by Susan Bibby

Fraudulent charities

Social development with ulterior motives

Fraudulent charity
Social development with ulterior motives

The cost of fraud is significant in the charity sector, with figures from the National Fraud Authority suggesting that fraudulent activity costs charities as much as R17490 billion a year.

This figure is likely to be even higher, with many other forms of charity fraud going unreported or undetected.

A recent conviction of a Wigan nurse, who defrauded an European national cancer charity of a total of £4,122 (approximately R55,450), has placed the spotlight on the issue of fraud in the third sector, with charities desperately working on ways to protect the revenue that they depend on to continue their vital work, as well as protecting the public that donates to their causes.

But if you are in the charity sector, just what can you do to ensure that you are protected from fraudulent activity, and ensure that every penny that is donated to your charity goes towards supporting your work?

Here are five key tips to minimising your charity’s exposure to fraud:


Be aware of the potential risks of fraud and what the impact is likely to be on your charity. Examine your operation for potential vulnerabilities and explore ways in which those vulnerabilities can be addressed, such as new systems or procedures. This could include changes in your auditing process, IT policy or financial controls.

Monitor cash donations closely

Charities that rely on cash donations are particularly vulnerable, due to the difficulties involved in tracking cash donations. In recent years, many charities have moved to reduce their reliance on cash donations and instead encourage electronic donations, such as direct debit and subscriptions.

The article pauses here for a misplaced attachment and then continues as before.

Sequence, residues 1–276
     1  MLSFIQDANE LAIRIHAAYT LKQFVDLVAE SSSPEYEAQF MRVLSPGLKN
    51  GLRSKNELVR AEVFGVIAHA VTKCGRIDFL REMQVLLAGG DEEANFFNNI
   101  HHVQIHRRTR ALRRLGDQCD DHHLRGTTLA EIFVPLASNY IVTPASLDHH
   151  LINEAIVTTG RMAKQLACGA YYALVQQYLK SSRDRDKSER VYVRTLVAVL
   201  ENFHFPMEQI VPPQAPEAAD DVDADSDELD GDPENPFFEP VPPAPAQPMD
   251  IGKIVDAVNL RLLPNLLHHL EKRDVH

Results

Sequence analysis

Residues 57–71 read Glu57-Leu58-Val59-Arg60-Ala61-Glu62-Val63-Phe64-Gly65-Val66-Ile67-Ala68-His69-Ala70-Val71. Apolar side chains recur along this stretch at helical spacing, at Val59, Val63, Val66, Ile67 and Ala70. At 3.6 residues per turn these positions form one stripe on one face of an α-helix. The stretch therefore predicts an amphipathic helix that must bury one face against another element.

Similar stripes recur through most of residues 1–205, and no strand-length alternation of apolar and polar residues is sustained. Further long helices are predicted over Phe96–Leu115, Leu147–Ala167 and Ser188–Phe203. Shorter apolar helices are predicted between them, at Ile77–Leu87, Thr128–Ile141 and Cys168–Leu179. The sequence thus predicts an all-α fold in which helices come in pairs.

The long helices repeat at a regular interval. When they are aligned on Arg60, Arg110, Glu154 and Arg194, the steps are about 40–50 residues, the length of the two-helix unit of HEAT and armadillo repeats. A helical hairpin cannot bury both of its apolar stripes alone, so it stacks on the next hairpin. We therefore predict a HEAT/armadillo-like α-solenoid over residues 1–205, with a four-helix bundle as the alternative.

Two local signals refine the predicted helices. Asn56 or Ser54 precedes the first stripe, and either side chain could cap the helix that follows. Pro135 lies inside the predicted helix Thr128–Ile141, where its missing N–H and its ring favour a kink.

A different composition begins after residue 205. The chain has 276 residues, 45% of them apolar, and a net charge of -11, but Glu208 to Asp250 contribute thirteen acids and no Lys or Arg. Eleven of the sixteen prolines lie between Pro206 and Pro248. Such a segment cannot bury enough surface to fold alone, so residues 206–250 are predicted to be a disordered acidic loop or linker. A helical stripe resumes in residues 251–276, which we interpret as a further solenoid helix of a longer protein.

Encourage dialogue with staff and volunteers

Many cases of fraud only come to light following a discussion between staff members, volunteers or fundraising partners, and many cases of fraud remain undetected until questions are asked between individuals.

It is important to encourage a culture of communication throughout all levels of your charity. By encouraging staff and stakeholders to share views, opinions and ideas, you create a culture of openness that anyone who is committing fraud is likely to find uncomfortable. Having an anonymous whistle-blowing policy is also beneficial in this regard, allowing staff to voice concerns over an issue that could affect the charity.

Lead by example

Ensure that there is clear leadership on fraud prevention and detection. This includes regular risk assessments to establish the risk of any fraudulent activity and the possible impact that this may have on the charity. Procedures for authorising certain activities, such as banking and cashing cheques, are also an effective way of preventing and deterring fraudulent activity.

Ensure that these processes are applied throughout all levels of the charity, including senior management, as senior staff are more likely to be aware of vulnerabilities in your existing systems.



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Issue 23


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